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Illustration by Security Management

Today in Security History: The Valhalla and Arming the IRA

It was just after midnight on 14 September 1984. The swordfish boat Valhalla sailed out of Gloucester Harbor on Boston’s north shore. Her crew had topped off the boat with fuel, 20 tons of ice, and 7,100 pounds of mackerel and squid. In the forward engine room, they had stacked more than 7 tons of AK-47 rifles, ammunition, grenades, bulletproof vests, and explosives, all destined for the Irish Republican Army (IRA) and the six British-ruled counties of Northern Ireland.

The IRA of the 1980s considered itself a legitimate paramilitary organization. The American and British governments classified it a terrorist group. IRA soldiers planted bombs and employed snipers. They kidnapped and killed British soldiers. They fought for a unified Ireland and the end to British rule.

South Boston mobsters Patrick Nee and James “Whitey” Bulger had helped to amass the weapons loaded aboard the Valhalla. As Irish-Americans, Nee and Bulger were sympathetic to the Irish fight. Nee had immigrated to the United States with his parents from the Gaelic-speaking village of Rosmuc. He had fought in Vietnam as a U.S. Marine before returning to join South Boston’s Mullen gang. Bulger collected protection money from South Boston bookies and drug dealers. Balking at paying meant being killed.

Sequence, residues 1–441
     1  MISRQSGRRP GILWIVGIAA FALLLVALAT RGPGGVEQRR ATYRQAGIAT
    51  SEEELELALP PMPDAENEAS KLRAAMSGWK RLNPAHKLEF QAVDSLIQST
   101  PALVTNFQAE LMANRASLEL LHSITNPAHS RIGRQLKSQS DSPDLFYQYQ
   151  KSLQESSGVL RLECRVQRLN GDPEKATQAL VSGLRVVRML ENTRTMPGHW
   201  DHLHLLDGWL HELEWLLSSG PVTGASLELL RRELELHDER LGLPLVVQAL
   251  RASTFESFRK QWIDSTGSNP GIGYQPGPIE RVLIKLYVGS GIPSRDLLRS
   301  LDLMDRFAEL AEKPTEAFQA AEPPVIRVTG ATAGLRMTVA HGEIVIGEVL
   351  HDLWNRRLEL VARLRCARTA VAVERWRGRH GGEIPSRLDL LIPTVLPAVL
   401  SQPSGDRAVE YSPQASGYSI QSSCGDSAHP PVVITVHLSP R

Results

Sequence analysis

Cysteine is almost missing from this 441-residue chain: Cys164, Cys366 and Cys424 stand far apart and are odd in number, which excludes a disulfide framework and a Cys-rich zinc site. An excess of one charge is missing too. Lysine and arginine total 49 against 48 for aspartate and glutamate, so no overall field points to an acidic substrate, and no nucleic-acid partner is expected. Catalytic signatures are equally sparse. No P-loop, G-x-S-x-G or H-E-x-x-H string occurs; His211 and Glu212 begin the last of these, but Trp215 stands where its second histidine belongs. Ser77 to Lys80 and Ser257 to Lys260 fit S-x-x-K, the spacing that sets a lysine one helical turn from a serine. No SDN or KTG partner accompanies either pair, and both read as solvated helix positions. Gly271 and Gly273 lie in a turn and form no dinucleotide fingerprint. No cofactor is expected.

On the 14th day at sea, the Valhalla established radio contact with the Irish fishing boat Marita Ann. Valhalla’s crew, battling high seas and winds in darkness, transferred its illegal cargo and turned to head home. The Irish Navy seized the Marita Ann 200 miles off the Irish coast. An IRA commander had turned informant for police intelligence. The U.S. Coast Guard detained the Valhalla when she arrived in Boston and interrogated the crew for hours.

The loss of the largest arms shipment in Irish history is a lesson in operational security (OPSEC) and planning. On the American side, at least a dozen gangsters had a hand in the operation. Wives and girlfriends also knew of their collection, as well as occupants of safe houses throughout Boston where Nee and Bulger stored their cache of weapons. The compartmentalization of information had been corrupted. Planning was flawed.

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The Valhalla sailed at the beginning of the Atlantic’s hurricane season. During the trip, a mammoth storm from the Bahamas nearly sank the boat with 40 to 50 foot waves. Nee and Bulger had used money orders to purchase guns. The orders were traced and used to support an indictment of Nee.

The worst offense to OPSEC was in Ireland. The IRA, known to excel at compartmentalization of information, had dropped its guard. Too many people knew of the operation, and at least one happened to be a government informant.

Read more about James “Whitey” Bulger of South Boston, his life of crime, and his 16 years on the run in Hunting Whitey: The Inside Story of the Capture & Killing of America’s Most Wanted Crime Boss, by Casey Sherman and Dave Wedge.

By R. Scott Decker, PhD, retired FBI agent and author of Recounting the Anthrax Attacks: Terror, the Amerithrax Task Force, and the Evolution of Forensics in the FBI